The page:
Safety leadership

Getting the right information

Editor’s Note: Creating a dialogue, keeping the focus, asking the right questions – achieving and sustaining an injury-free workplace demands strong leadership. Throughout 2012 in Safety+Health, experts from Ojai, CA-based consulting firm BST will share their point of view on what leaders need to know to guide their organizations to achieve world-class safety performance.

By Colin Duncan

In our work, we often find the most significant challenge senior leaders face is in knowing what data should be available to them – and what questions to ask about that data. That issue was brought to life for me recently when I worked with a group of senior leaders. Setting out a blank sheet of paper, I asked them to describe the kind of information they’d need to ensure consistent safety improvement year after year. What would that data look like? How would they find it? The leaders mulled over the metrics they were used to: OSHA recordable rates, total case rates, lost workdays and similar regulatory figures.

Ultimately, the sheet remained blank. Why was that? We know that executives genuinely care about the well-being of their people. We also know that, given the right information, senior leaders can move their organizations forward in remarkable ways. So why would leaders struggle so much with safety?

A large part of the answer lies with traditional safety thinking. Leaders have been trained to ask questions about lagging indicators. In many operations, “safety leadership” is more accurately described as management by exception – leaders respond to events, rather than anticipate and remove risks. The challenge for senior leaders is learning how to deepen their understanding of risk such that they can effectively support safety systems and the people they rely on to execute them.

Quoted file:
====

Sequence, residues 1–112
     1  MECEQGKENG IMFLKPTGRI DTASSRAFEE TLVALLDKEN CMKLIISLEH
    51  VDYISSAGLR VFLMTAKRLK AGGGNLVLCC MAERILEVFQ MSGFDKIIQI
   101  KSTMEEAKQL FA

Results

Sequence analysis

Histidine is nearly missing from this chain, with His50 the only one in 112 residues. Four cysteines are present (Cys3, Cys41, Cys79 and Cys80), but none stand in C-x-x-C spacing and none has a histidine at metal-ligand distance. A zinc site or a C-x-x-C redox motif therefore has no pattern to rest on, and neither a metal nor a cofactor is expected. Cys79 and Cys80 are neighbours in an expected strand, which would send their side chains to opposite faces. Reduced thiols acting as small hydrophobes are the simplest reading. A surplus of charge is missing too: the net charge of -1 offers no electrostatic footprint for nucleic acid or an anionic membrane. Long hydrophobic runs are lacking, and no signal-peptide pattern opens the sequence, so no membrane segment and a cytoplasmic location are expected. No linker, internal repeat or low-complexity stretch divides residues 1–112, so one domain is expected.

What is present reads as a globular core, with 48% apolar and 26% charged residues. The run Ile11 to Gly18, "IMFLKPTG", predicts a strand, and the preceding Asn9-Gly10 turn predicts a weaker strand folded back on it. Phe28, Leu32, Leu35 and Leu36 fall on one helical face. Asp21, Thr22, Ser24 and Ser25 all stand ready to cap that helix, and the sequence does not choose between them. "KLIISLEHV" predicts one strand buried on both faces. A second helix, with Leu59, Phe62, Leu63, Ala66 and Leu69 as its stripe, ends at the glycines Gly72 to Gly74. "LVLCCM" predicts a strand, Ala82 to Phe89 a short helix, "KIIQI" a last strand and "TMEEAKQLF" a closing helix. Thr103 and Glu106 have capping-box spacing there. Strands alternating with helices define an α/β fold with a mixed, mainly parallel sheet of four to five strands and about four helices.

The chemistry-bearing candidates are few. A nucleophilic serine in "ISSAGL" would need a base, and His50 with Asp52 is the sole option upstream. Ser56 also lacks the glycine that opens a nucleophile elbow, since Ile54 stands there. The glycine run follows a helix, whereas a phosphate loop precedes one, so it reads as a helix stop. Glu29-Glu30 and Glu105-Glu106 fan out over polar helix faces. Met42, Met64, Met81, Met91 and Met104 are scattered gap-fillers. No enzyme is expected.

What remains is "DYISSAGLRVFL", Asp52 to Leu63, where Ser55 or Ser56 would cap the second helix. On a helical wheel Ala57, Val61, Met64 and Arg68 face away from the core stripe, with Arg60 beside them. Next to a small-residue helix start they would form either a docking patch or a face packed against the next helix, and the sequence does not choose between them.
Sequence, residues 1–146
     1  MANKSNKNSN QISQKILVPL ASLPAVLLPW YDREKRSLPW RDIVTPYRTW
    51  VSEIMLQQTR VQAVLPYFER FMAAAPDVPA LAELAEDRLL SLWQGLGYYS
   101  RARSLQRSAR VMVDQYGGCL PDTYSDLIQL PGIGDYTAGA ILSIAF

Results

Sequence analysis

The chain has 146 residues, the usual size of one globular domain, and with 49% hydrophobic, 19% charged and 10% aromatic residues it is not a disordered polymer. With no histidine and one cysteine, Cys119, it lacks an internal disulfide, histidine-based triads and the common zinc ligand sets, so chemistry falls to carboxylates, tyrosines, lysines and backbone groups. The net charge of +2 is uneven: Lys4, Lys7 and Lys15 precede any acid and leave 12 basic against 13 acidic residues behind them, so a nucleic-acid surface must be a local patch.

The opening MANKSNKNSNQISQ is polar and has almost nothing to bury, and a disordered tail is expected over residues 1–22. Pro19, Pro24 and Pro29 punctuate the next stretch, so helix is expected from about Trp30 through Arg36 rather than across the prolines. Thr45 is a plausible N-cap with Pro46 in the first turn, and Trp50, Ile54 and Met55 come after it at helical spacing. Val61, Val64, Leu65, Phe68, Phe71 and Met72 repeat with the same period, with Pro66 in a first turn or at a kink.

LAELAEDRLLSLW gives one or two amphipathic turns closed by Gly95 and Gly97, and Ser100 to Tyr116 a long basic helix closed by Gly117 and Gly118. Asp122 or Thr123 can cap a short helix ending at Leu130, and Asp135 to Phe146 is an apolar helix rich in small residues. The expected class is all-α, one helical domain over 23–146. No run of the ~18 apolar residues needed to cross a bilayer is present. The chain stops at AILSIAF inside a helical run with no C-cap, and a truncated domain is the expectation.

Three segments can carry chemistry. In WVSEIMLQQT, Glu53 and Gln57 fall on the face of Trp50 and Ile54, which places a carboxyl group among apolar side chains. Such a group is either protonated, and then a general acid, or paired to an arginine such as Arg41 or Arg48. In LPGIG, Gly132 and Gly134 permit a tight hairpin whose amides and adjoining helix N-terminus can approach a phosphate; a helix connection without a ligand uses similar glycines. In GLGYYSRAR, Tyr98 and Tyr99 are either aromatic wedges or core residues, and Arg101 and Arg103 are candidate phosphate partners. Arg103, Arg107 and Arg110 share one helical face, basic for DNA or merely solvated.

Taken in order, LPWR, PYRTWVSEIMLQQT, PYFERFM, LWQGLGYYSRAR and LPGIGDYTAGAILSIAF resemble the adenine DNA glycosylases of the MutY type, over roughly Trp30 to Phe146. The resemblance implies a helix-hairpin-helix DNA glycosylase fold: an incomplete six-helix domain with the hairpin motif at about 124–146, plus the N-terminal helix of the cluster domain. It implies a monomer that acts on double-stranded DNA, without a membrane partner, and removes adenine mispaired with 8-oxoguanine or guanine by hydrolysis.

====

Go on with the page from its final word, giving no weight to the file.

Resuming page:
The communication opportunity

Strategy is built on information. The right data can provide insight into where significant risks are across an operation. They can tell you where there is exposure to systemic failures or where the subtle fissures of misalignment might be forming. In other words, the right information enables you to act.

Getting this kind of information takes more than a dashboard. It requires a back-and-forth information flow that is unbiased and iterative. There are several things leaders can ask, and create dialogue about, to begin this kind of communication:

  • Exposure to life-altering events. While unlikely or infrequent, leaders must pay attention to events that have the potential for significant loss of life or property.
  • Upstream causal factors. Many things in the organization can precede risk, from design processes to management decision-making. Leaders need to be attentive to these systemic factors and know how they are influencing exposure.
  • Safety system configuration. What are the standard disciplines required to manage safety? Leaders must understand if their organization has in place the correct management systems, disciplines and oversight, and in the right mix.
  • Safety system performance. Aside from the “right systems” question is whether or not those systems are executed consistently, cohesively and effectively. Tracking safety actions, resolutions and process improvement is key to executive oversight.
  • Leadership communication style. A leader’s questioning style strongly influences what others perceive to be important. It also shapes the information flow back to the leader. Adopting a style that concentrates on inputs rather than outputs is vital. Asking not, “What are the results?” but rather, “How are we thinking about the issues and improvement opportunities?” garners very different kinds of engagement.

The best kind of information gathering in safety is an ongoing conversation. As leaders gain fluency in safety, their credibility rises, as does the understanding of those around them about what is important. The dialogue matures into a dynamic information flow that reflects actual conditions. This is what allows organizations to grow beyond the limitations of lagging indicators and leverage safety as strategy.  

Colin Duncan is CEO of BST. Duncan drives BST’s global strategy, corporate vision, and the innovation of new methodologies and approaches to deliver sustainable safety improvements to clients.

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